Symud i'r prif gynnwys
Cuddio Rhestr Erthyglau

20 erthygl ar y dudalen hon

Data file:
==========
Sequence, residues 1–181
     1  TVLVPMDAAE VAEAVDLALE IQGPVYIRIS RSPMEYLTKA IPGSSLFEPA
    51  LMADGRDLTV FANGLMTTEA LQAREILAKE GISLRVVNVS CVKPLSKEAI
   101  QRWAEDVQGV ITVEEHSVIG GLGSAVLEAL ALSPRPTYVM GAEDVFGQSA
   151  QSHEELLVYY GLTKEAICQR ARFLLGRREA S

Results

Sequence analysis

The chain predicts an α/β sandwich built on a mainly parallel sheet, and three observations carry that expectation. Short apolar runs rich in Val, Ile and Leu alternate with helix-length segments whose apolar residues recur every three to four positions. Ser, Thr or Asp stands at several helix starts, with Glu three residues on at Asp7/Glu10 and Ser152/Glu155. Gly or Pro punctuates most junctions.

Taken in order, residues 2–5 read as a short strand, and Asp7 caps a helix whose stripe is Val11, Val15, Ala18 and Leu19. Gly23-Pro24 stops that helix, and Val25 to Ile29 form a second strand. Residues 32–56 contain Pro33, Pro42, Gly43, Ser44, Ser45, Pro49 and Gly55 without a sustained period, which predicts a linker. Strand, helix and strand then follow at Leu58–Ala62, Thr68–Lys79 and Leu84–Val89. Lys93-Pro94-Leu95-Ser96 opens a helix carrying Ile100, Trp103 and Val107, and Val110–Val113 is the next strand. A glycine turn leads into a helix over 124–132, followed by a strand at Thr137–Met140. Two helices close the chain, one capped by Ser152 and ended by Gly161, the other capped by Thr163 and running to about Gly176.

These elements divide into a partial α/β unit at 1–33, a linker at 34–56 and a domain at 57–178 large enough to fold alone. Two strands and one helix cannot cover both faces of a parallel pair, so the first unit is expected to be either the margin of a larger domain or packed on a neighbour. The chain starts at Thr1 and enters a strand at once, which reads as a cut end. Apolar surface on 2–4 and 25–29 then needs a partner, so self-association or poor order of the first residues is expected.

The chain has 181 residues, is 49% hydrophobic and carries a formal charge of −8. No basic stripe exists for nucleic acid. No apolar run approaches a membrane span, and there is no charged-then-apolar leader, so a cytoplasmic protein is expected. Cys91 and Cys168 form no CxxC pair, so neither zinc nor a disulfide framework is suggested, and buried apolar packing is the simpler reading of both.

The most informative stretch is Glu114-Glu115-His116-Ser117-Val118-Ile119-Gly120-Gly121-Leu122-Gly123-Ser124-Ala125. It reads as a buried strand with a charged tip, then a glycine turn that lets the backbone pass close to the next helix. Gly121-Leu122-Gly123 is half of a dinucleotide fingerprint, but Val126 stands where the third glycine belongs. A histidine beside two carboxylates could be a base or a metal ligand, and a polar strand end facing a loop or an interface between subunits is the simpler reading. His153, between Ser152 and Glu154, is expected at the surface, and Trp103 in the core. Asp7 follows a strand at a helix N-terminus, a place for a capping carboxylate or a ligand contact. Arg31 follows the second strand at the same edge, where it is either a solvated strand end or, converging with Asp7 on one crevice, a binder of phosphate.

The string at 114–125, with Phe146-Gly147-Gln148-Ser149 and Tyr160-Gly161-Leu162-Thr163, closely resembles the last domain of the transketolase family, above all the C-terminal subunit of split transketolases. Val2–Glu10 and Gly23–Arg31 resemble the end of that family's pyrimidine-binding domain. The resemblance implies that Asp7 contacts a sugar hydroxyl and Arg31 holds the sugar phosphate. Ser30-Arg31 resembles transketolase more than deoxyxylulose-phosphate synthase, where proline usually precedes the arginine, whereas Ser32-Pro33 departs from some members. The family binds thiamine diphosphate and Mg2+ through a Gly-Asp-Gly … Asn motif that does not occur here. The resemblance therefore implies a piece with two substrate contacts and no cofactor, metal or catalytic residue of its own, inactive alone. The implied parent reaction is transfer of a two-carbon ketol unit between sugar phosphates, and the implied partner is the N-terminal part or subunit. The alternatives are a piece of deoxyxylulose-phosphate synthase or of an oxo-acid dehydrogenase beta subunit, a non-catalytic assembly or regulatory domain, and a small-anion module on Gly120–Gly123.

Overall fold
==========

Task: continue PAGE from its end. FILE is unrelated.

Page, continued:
IMPRESSIVE SCENES. Memorial Services. Aberybr-,vyth Working Men's Tribute. No sounds of labour vex'd the quiet air, rem morn till eve, the people all stood still; And earth won back a Sabbath. There were none ho cared to buy and sell, and make a gain gj or or>e whole day. All felt as they had lost R A mother, and were fain too keep within, § Silent, or speaking little. Such a day K ■An old man sees but once in all his time. j| The simplest peasant in the land that day |j Knew somewhat of his country's grief. He heard 9 The knell of Britain's Sovereign from the tower | Of the old church, and ask'd the cause, and sibh'd || Like as the waters of the northern sea •« (Wl, en one strong wind blows steady from the pole) Gome hurrying to the shore, and far and wide M As eye can reach the creaming waves press on || Impatient; or, as trees that bow their tops ||| One way, when Alpine hollows bring one way fl The blasts whereat they quiver in the vale- i| So millions pressed to swell the general grief j|| One wajr:—-for once all men seemed one way j& drawn. 8S Or if through evil hap, and unforseen, Some stay'd behind, their hearts, at least, were there The whole day through, could think of nothing e1:se, Hear nothing else, site nothing! In his cell The s; n,1cnt saw the pageant: spied from far The long-drawn pomp which reach'd from street to street, Slow moving in the silence; casque and plume, And banner waving sad the marvellous state Of heralds, soldiers, nobles, foreign powers, With baton or with pennen princes, peers, JUdgù:" and dignities of Church and State, And warriors grown grey-headed ;—every form Which greatness can assume or honour name, Peace in i or warlike,-each and all were there Troop;ng4in sable sorrow after her Who slept serene upon her funeral car In glorious rest! A child might understand I That 'twas no national sorrow; but a grief Wide as the world. A child might understand That all mankind were sorrowing for one I That banded nations bad conspired to pay This homage to the Queen who sat enthroned In human hearts, and held unrivalled sway O'er regions C:csar never knew." ,Tictoria evermore will stand, a bright and burning star— Emblazoned in the firmament of Time, Where, spite the mists of Change and gloom of Death, Her splendour will illumine The colossal canopy of her wide domain, | For she wrought her people lasting good." | The remains of the late Queen were removed from Osborne to the Royal yacht Alberta and brought across the Solent to Gosport on Friday, and Were conveyed to London on Saturday morning on their journey to Windsor. The scene at the departure from Cowes is described as one of pathos and stately simplicity. Over the coffin as it was borne out of the House to the gun-carriage was a rich, white pall, with embroideries of crimson and gold, with the Crown at the head and the sceptre jaear the feet. Following the remains came the members of her Majesty's family, walking three abreast, the King, the German Emperor, and thel Duke of Connaught leading. The Queen and the! iRoyal Princesses followed on foot, and then tliei ineuiber* of the late Queen's household. The distance to Cowes Pier was traversed in forty Minutes, and the body was placed on the bier ong board the Alberta, which, at twenty minutes toi three, steamed into the Solent. Meanwhile the King and Queen, with several Princes andj Princesses, enterered a pinnance, which conveyed! them to the Royal yacht Victoria and Albert lying in the Roads. Other members of the Royal family embarked on the Osborne, and the German Emperor Flth the Crown Prince and the Duke and Ducnessg of Connaught, went on board the Hohenzollern. The three vessels followerl the Alberta across the Solent. 13reciseiv at five minutes to three o'clook the first note of warming to the Fleet at Spithead that the Alberta had left Trinity Pier was given by ,the firing of a gun from the ironclad Alexandra off Cowes, Immediately afterwards minute guns were discharged from all the ships, the salute being fired | from the sides of the vessels facing the shore. this 31411P- being observed by the foreign as well as the Britishjmen-of-war. The crews also "manned ship, and guards and bands paraded. The destroyers led| the procession, formed in columns of divisions line| ahead, one column being off the starboardand the! other off the port bow of the Alberta. The torpedo- boats steamed along the carefully buoyed channel loading into the harbour, and during the passage the Royal yachts were within a short distance of the shore, which was lined"with dense masses of spectators. The catafalaue.on the Alberta conrain- the body of the late Queen was an object of M. intense interest. As the flotilla approached, minuteffli guns were fired from the Garrison Battery an<. them fluting ships in harbour. The firing did not M Cease until twenty minutes to five, when thegH Alberta was taken alongside the Pier atM Royal Clarence Victualling YardH| -The coffin was removed from the yacht Alberta, 8% "kicli had been lying at Portsmouth during iheH: to a special train on Saturday morning, andH; ■•we journey to London was begun at nine o'clock.H Victoria Station was reached two hours later H ■Here a gun-carriage drawn by eight cream horses,Hj With trappings of scarlet and gold, was waiting.W The coffin was placed upon it, and the memorableW procession through the streets of London began First came long lines of soldiers and sailors, followed by the military attaches to the Embassies and the Head Quarters Staff of the army.H The Earl Marshal and officers of the ana aides-de-camp were among those next in theHj procession, and then came the coffin, upon rested the Crown, the sceptre,and the orb. Follow- log the Royal Standard were the King and the •Ottier•mourners a long line of kings and princes which included the German Etnperor, the King 0 Greece, the of Portugal, and the King of the Belgians. Queen Alexandra and the .Princesses who were included among the Mourners, drove in carnages, and the procession- nearly two miles long—was completed by the! deputation from the German army and the escort. All the thoroughfares through which the .great cava lcade passed were crowded long before the hour at which it was expected. Sig-ns üf Blourning were universal, and the multitudes of]| ,people were hushed and reverent. The inarch from Victoria to Padoingion lasted ior over two hours, and it was half-past one when the final railway journey to Windsor was begun. As in London so in the royal borough the streets were crowded withn people. Again the coffin was placed upon a gur-1 carriage for removal fr^m the station to the Ca>t e.g A strange incident was witnessed. The horse. Affected by long waiting in a bitiu.S wind, refused! their work, and became restive. The uaval !!uard of honour promptly relieved the situation R^movini the horses, itif-V themselves* took charge of the burden, and drew the coffinH to St- C'tR pel. For t\wir 1",1,lines" they were after *«:< specially thanked by the King. When the ehu.el was reached the coffin was borne in by Grenada followed hv the Kin\ the Kaiser, and the D-«ke. at C muan-^h.. and placed on a ptirn'eM catalahp1"' 'he l|M>t of Hie altar -te-s. 1 hei Burial S->ce, wish the alterations Tie es-iry t the occasion, then begun. During it Nurrov| King-of-anlt" prn'1:1 inied the style and i.les0!' the late Sovereign 1 nose of the new King. After- Wards tii- coffin "as removed to the Albert lwemoi-iiiC" Monday it was privately placed i,i t, ;it I lie Fl*ogmore Matisr,leiim, by the si ti I I, Consort. After the process5.»n in London special services were held at St Patil'-A. t lie City authorities attended; at Westminster A bbey, where members of t hp Hotisf of Peers were present; and at St MargaretV, which church was set apart for members or House Com- toons. The day was also observed as one of general mourning throughout the whole country, as well as in every city and town in the far off Colonies, and by every British community in foreign lands. In this district business was entirely suspended, and memorial services were held at almost every place of worship. In short, the day was in every respect as quiet as a Sabbath. Shops and pnplic houses ilrere closed, and blinds wae invariably drawn. No trains were run, save one each way (as on ¡t/J;JJ.t''b",w.¡,¡,L'JU.O.L 'jI: .¡¡j1'L- '_4'í&. fflSundays), and no newspapers were offered for s;ile.< fjfljln the towns the solemn stillnes of the air wasj Hbroken only by the mournful strains of funeral- Bmarohes, and in the villages by the doleful knell otj Bathe Church bells. j H WORKING MEN'S TRIBUTE. The tribute paid by the working men of Aber-| Bflystwyth to the memory of Queen Victoria, couidi Hhardly be excelled by any function of the kind foiv Sits touching impressiveness. All sections o! iheg BTvorkers hail been asked to attend, and at 10 30 on| ■Saturday morning a large procession was lonneng ffiin Queen's-square, opposite the Town Hall. Cotin-S Hcillor R. Peake acted as chief marshal, and the| Bprocession marched via Queen's-road, N ortb-parad c, Great Darkgate-street, Pier-street, and Li t t lc Darkgate-sti-ect to the New Market Hall, in tht. following order:— si « Aberystwyth Town Band. E| H Naval Reserve. g| h Town Drill Class. H |g Carpenters and Joiners. || n Foundry Employees. | General Labourers. j| I Masons. SB 1 Painters, Plumbers, &c. I Plasterers. I Printers. || I Railway Employees. || | Slate Works Employees. ||| S Tailors and Outfitters. 1 Shop Assistants, General Public, &c. O The procession was headed by ministers of religion.* those present being the Revs T. A. Penry, G. Kyrej Evans, D. R. Williams (Salem), and David Morganjj (W.). The Naval Reserve men formed a strongg contingent, but the largest representation was t!iat| of the°railway employees, \vho were in charge oi| Mr J. A. Thomas (station master), and Inspectors! Bamford and Humphreys.. The members of tiieg Town Drill Class were conspicuous by their smart! and soldier-like appearance, and they reflect credit| on their instructor, ex-Sergt. Evans. The 'lownS Band, under ttte able leadership of Mr JackS Mr J. A. Thomas (station master), and Itispectoi-, Bamford and Humphreys.. The members of tiieg Town Drill Class were conspicuous by their smart! and soldier-like appearance, and they reflect credit| on their instructor, ex-Sergt. Evans. The 'lownS Band, under ttte able leadership of Mr JackS Edwards, played the "Dead ilarch" as the pro-S cession slowly wended its way along the routeS indicated, its progress being watched in silence bvfg hundreds of spectators, who lined both sides of th<-g thoroughfares. The New Market Hall was filled .iffl ^overflowing, the number present being estimated at 1,200 to 1,300. Every seat had been moved 10 Mallow more room, and every available foot of space was occupied. Notwithstanding the^cro A'ded :1 rite; Mof the room the proceedings throughout were c,,Il | ducted in a most reverent manner, and a silence' I:hat could well be described as "audible"prevailed.. |j The members of the Naval Reserve and Drill Classj » cook up a position in front of the platform, audi aj stood at attention during the service. The Rev G. | Eyre Evans having said the Lord's Prayer, tbej | whole congregation sang the hymn, "God bless our) | native land," accompanied by the Band. | I The Rev George Eyre Evans next delivered a short | | extempore address, basing bis remarks upon thei | extempore address, basing bis remarks upon thei | words I will be good." It was said that. the,, | words camefrom the Queen's lips when it was madej I known to her first that she was to ascend the throne? | of that country upon which the sun never sets. 111 I was, lie Si»id, extremely diliicult for anyone to say| I anything fresh upon the occasion which bronghtf I them together. Still, they would agree with him| I when he said that the spoken word had still itsg | power. Coming to the throne after a girlhood spentJjj in seclusion under the wise guidance of her motiiei| I -the Duchess of Kent—to whom this country owed! ■a deep debt of gratitude—at a time when, perpbaps,| Bit might well l ave appalled a young girl fresh from| ■school; crowned with all the pomp and npajest.| Bthat could be in Westminster Abbey; married tog ■Albert the Good, a man to whom this country Soever fully realise the debt it owed him; the mot hei | of a family, which he said without fear or hesitatiLJIJ set a noble example to every family in this Sin the discharge of all the onerous duties which feU| ,o it who educated her household in all that wasp noblest and best, and after an honoured widow-S hood, supported by her children, grandchildren, and| great grandchildren she had passed to that bourneS whence no traveller returns. Such was the life Queen Victoria. What did they read from that a life? "I will be good." And if there were two! words which stood out more than any other it was| the word duty and the word character." And| Lie ventured to say that for them and for himself—|j for there was no distinction that day between^ minister and people—they bad a lesson to learnl irom the duty and the character which had carriedj their Queen to an honoured grave. And why did lie lay such stress upon that? He would tell them in the words of that grand old minister in Allleri,a, Eiucrson, Character is more than creed." It was upon what a man was in this world today he would he judged. It was not by the precise cut of theS doth which he might adopt, so to speak, in theological matters. It was what he or she stood for in the body politic that made the man what he was public concern in all matters of life, character written in letters of gold. And without character could one man or woman in this world j lare to say that their lives were what they knew the high and holy One would have them to be ? And surely so had the great throng of witnesses which had gone up luring the past fortnight all over the, civilised|| world testified, and he thought he might venture to say that from the keynote struck by the Arch- bishop in St. Paul's Cathedral down to the service held in the humblest Bethel on the mountain side the whole might be said in the words Duty and character." And might he press that home to everyone that day ? Kings come and kings go, but character would last. It was just what they were here and now upon what, he ventured to say, they would be judged bye-and-bye. And so to the youngest and oldest would he impress the fact that when all the grandeur, when all the solemnity of that day had passed away, when, in God's good time, they came to the ceremony of coronation, still there would ring for them and for him and for everyone of God's creatures the world-wide over, that bell which struck in clear tones What are ou 7 Have you done your duty?" whether the duty be coupling coaches, or at a time of great crisis uttering perhaps an unpopular word as by the prophets of old, Thus saith the Lord." Fear no man, and if they did that, then would it be said of them as doubtless it had already been of the great Queen, Well done, good and faithful ser- vant; thou hast been faithful over a few things, I will make thee ruler over many things; enter thou into the joy of thy Lord." In conclusion the speaker said he knew he would voice the senti- ments of all present when he prayed God grant to her eternal rest, and may light perpetual shine upon her." ra The hvmn Great King of nations, hear our prayer" having been sung, the Rev T. A. Penry reacl sentences from the burial service and offered a short prayer. The Welsh funeral hymn, 11 Bydd tnvrdd o ryieddodau," was then sung with char- acteristic Welsh hivi/l, and a solemn service con- eluded with the benediction, pronounced by the Rev T. A. Penry. H WELSH NONCONFORMISTS. B The Welsh Nonconformists bad arranged a unitedS memorial service at Tabernacle Chapel, on the day of the Queen's funeral. The service was timed to commence aL two o'clock, and at that hour a congregat ion had assembled, which continued to in- crease as the service proceeded, until, eventually, seats had to be placed in the aisles. The Rev T Levi, pastor of Tabernacle Chapel, conducted the service. The well-known liymll, Yma(io wnaf ar babell." having been sung, Professor Edward Anwyl, M.A U.C.W.,reii(i the 91st Psalm, and was followed bv the Rev. T. E. Roberts, pastor of Stiiloh Chapel, who engaged in prayer.—The Rev. T. Levi then delivered a short address. No one, he said, could fully realise the great loss the country had sustained in the death of the Queen. Undoubtedly, she was he be- i sovereign not only of their own time but in the whole annals of history. He did not re- mentbe'- liivin,, heard or having read in any age of such great respect being paid to a sovereign on her death, IHt only in this country but in the whole ot Eunme, and even the Continents beyond. Her life and her reign were long ones, and she had always been olessed with the guidance of Heaven. Bne lost her father when quite young, but she had a good mo\ tier and an excellent husband. She ex perita> ed a great many Miter trials. One of the first was her mother n 1861, bntshe received t deeper Wow a few months later upon the death her (lear husband. She had had many losses s nee t hen. losing one child after another. and not tne c is ot her sorrows was the present disastrous war! Il Lad borne heavily on her, and contributed in aH eit, measure to her unexpected death. She per rormed her duties excellently as Queen. but sb- filled another important office, that of nursing nine children, who were now to be found in all theH Cour,s of Europe. That position she adorned as beautiiiilly as the position of Queen, and they stian woman. The reverend gentleman con-B lied with a touching ancedote which set forthH depart .id Queen's kindness of 1 which was an example of looting the image of her Creal or, Inked Heaven that an example of humanity incipal T. F. Roberts neyt delivered a shnr; prayer, i which he made reference to the Queen as« example worthy of emulation, and whose namt: sbout!! always be revered for the manifold blessings k had brought to her Empire.—Rev. Job Miles,! ongregational,) said the gathering was not in-fi ■jded as an exhibition of strength. It was al thering which none of them had seen its like fore; and probably not many would see its Hkc gain, And rhe question which naturally arose wi, What was the cause of it ? This was only one of ousands of similar gatherings being held that lay, independent of the enormous gathering which itciied the progress of the procession conveying the remains of their late Queen to their last reding ace. One thing alone accounted for it. Not he et that the departed had been a Queen, bt the] raet tbal; she had been such a Queen. And what made her such a Queen was her religion. One of ¡:¡:¡,o.OIoIio4oo( ^fulness in the midst of sorrow was the respect paid to religion in these days. True, she ruled over an |ji|the things that gave him greatest cause for thank- ^fulness in the midst of sorrow was the respect paid itito religion in these days. True, she ruled over anl jEmpire upon which the sun never set, but it was [character that made her what she was, and religion [made the character. And only religion could (make a character like hers. All the civilised {countries of the world paid their tributes of [respect to her memory, which was a proof of the power of true religion in the world. He rejoiced Ir hat she had been the Queen of Great Britain, and that tier Empire was honoured greater than any other Empire in the work of bringing about the spiritual kingdom of the Lord Jesus Christ. He felt thankful that she had been allowed to live long enough to give a standard to religion, to give character to the Empire, and to purify the Court from the corruption which formerly existed there. countries of the world paid their tributes of respect to her memory, which was a proof of the power of true religion in the world. He rejoiced Ir hat she had been the Queen of Great Britain, and ¡ that her Empire was honoured greater than any other Empire in the work of bringing about the spiritual kingdom of the Lord Jesus Christ. He felt thankful that she had been allowed to live long enough to give a standard to religion, to give character to the Empire, and to purify the Conrt from the corruption which formerly existed there. He hoped that that character and that purity would remain as long as the Court itself remained ile (the speaker) believed strongly in the new King. He considered his first address was an ex- cellent one. He said that his endeavour would be to follow the example of his mother. He had also shown a delicacy in the choosing of a name, which he hoped was an earnest of what he would be while he reigned. His hope was that the new King would live to reign many years, and be did not believe that the many prayers offered on his behalf would be in vain.—Professor Edward Edwards con- dncted the congregation again in prayer. He said a time of sorrow t, had come over them, a sorrow they bad not seen its like before. Many of them ¡knew what domestic sorrow was, and what it was [1,1) mourn for the loss of leaders in their country. But there was something more remarkable in the wpresent sorrow than that of any other previousg I occasion, and their prayer was that this sorrowS would be sanctified, so that every one of them wouldg be strengthened by it. They were thankful for t,be| life of such a mother as this, and of such a woman! io the highest Court of the land, and their consolations in their sorrow was that the influence of this Life was to continue. Professor Edwards made anjj earnest appeal on behalf of the new King, and it) the highest Court of the land, and their consolation in their sorrow was that the influence of this great life was to continue. Professor Edwards made an earnest appeal on behalf of the new King, and that he should live under the same great influences which governed his illustrious mother.—Mr Evan EVdIJs said lie thought their uppermost feeling that day was not one of sorrow, but one of tbankful-fi ness. They had great cause to be thankfuljS tor what they had seen in the town that day. He thought all who loved virtue and justice and the I religion of Jesus Christ felt thankful for the homage paid to virtue, justice, and Christianity, « and that feeling was higher when they remem-j p bered that the same homage was being paid almosti fj throughout the world. This would not have been the' a case but for the character of the Queen. Al s great deal of respect would have been I paid to her memory on account of the wide Empire p over which 'she reigned and the number of years] ||she reigned, but all would agree that the great! lirespeet paid to her memory would not have been! |1displayed but for the excellent character she bore. ||The aim of her life was shown by her pure religion.! IjThere might be a feeling of doubt, as to the future.] Hbut they would all agree that the new King had: y commenced iiis reign in a befitting manner. Theyjj | would also look fyr the same virtues possessed by! I Queen Virtoria to be shown by the present Queen. )j and although she would not rule over the country! | she had been reigning for many years in the respects | <*f her subject and the estimation of the people of| jj Cireat Britain.—The closing prayer was offered bya II he Rev D. R. Williams, and a memorable gatherings concluded with the singing of that grand old Welsh resurrection hymn, "Byddmyrdd of ryfeddodau." The other hymns sung were Tragwyddoldeb mawr yw. | d' enw," Iesu cyfaill f' enaid cu," and 0 fryniau I Caersalem ceir gweled." i I THE ENGLISH FREE CHURCHES. 1 | At the English Congregational Church there was jj| a fine congregation, the sacred edifice being over- | crowded, and scores failing to gain admission. 1 pulpit was draped in black. Black and purpl«4 i fvere the prevailing colours throughout. The ser- I* vices were held by the English Free Churches and! I those who took part were the Rev T. A. Penry (C), Kev T. Williams, B.A. (B), Rev T. H, Ingram (W), and the Rev A. Wynne Thomas (C.M.) The service was conducted by the rtev T. A. Penry. The Rev T. H. Iii-raiii read the ninetieth Psalm and the latter part of the 15th chapter of I. Corinthians. The hymns sung were "Our God, our help in ages past, "Lead, Kindly Light," and" Now the Labourer's task is o'er." Mr Amos Jones, R.A.M., gave a very fine rendering of 9 Handel's solo, "The trumpet shall sound," with cornet obligato by Mr T. M. Evans and accompanied on the organ by Mr Leah. The RevT. Williams, B.A.. senior English minister ,f the town, gave a short address onth life of the late Queen. The rev gentleman said that what had happened in the King of Israel's family- long ago faintly foreshadowed the solemn event which called them together that day. Not our own land only but the whole civilized world was bowed down with sorrow, never before was there such a universal mourning. The Queen, whose loss they mourned that day was i true gentlewoman. She was a crown te her sex.g and in her long reign the rights of women hiidB been extended to a greater degree than ever before. They had been enabled through the influence of her character to take part in all spheres of life. ■ The late Queen was not an ordinary woman, she had a wonderful grasp of mind to deal wich all matters, great and small. She was moreover a con-9 stitutional sovereign. Let ttierri realise whatjl that meant, and they would find that9 she was one who ruled the people in harmony with the wishes of the people. llefetring to the home lite of the Qtieeii. the Rev gentleman quoted a remark of Dr Pat ker's whoa said the other day that the Queen's children conducted themselves well for the simple leasoi a that they had a good mother. What was the greail need of France jto-day asked the speaker, was it not godly,mothers ? The secret of the Queen's po\,Ker was that.she was not a mother to her own home only; she took the whole nation to her hear; 9 and she won the affection of the whole people byl Lie power of love. Love was still a great'power.j ior, Love rules the court, the camp, the grove, g And men below, and saints aoove. For love is heaven, and heaven is love. Their departed Queen was a great Queen because she was a good Queen. What was it tha. constituted real g reit nes-l The rank is but the guinea's stamp," but. kind hearts are more t.han Ithan coronets, and simple faith than Norman blood." The Rev A. Wynne Thomas having engaged in prayer, the Dead March was rendered in all im- pressive manner by Mr J. E. Leah, the organist. HOLY TRINITY CHURCH. A large congregation, filling all the closely packed chairs away down to the far west end ot the nob)e nave, was present at the memorial service held oil Saturday last at noon. The solemn occasion wa" outwardly evidenced by the purple hangings and I "ÜHple victor's wreaths of laurel which hung in the ehancel. The service, conducted by the Vicar, Kev, Prebendary Williams, and the curafe. Hev L1. Footman, M. k., was the authorised otie 11 iit tueinoration oi Her late Majesty, Queen Victoria, oil blessed and glorious memory," the hymns and musical portions being led by the latge choir, inl mat dignified and hearty manner for wbien it isB noted. At the close the organist, Mr Sérgean l. played the Dead March in 'Saul' with an etfectj seldom attained and greatly enhanced by the lofti-B ness of the church, and the stone walls, the soundB seeming to roll and linger long as if loth to sink lilt) silence. ■ ST. MICHAEL'S AND ALL ANGELS. The accommodation at this Church was taxed to its almost capacity on the occasion of the memorial service on Saturday morning, the congregation was so large that even the aisles and altar steps were occupied, and it was .estimated there were 1,200 oeople present. The Venerable Archdeacon Protheroe was the officiating minister, and the -pecial form of service authorised by the Arch- bishop of Canterbury was used. The rev gentleman also delivered an appropriate sermon. Mr C Panchen presided at the organ, and Tendered lchaikowsky's Funeral March at the opening of the service, and Beethoven's Funeral Match at the close. The staff and students of the University College attended the service. UNIVERSITY COLLEGE. At 11 o'clock the students,—both men and women —fore-gathered in large numbers in the CCoolllleegg Hall to pay their last tribute of respect to the de- parted sovereign by holding a memorial service. Principal Roberts and members of the professorial staff were also present The meeting was addressed oy the Principal, and the hymns sung were Lea«t kindly Light," and O fryniau Caersalem ceir gweled." ST. WINIFRED'S (R.C.) CHURCH. At Mass on Sunday morning last the rector, Rev Father Waldron, read the following letter from the Bishop of Menevia:—Bishop's House, Wrexham January 26th, 1901.-Rev and Dear Father, It has leased God in His infinite Wisdom to call from this world our well-beloved and gracious Sovereign Queen Victoria who has reigned over the British Empire so ably and so well for over sixty-turee years. The whole Nation is thrown into grief and mourning and as she had none more loyal than her Catholic subjects so there will be none to mourn her loss with greater sincerity. The Catholic I Church has no public religious services for the dead except those which have been instituted for the souls of her own children such as the Requiem Mass and the Catholfe Funeral Office, but We trust that you will remind your flock that it is lawfn' to |t hose who believe that a soul has departed this life lin union with the Soul of the Church, although not [belonging to the Body of the Church, to offei privately their prayers and good works for tin benefit of that departed soul. We trust also that [you will ask your people to pray for the Royal Mass and the Catholfe Funeral Oflice, but We trust that you will remind your flock that it is lawful to those who believe that a soul has departed this life in union with the Soul of the Church, although not belonging to the Body of the Church, to offei privately their prayers and good works for tin benefit of that departed soul. We trust also that you will ask your people to pray for the Royal I Family in their affliction, and to implore God to pour down His graces and His blessings on our ruling Sovereign, King Edward VII."—Yours very fiaithfully in Christ, Francis Bishop of Menevia.— Father Waldron then added a few further eloquent words on the life of ot.r late Queen. Miss Roberts, as usual, accompanied on the small organ, and the service was one of much impressiveness.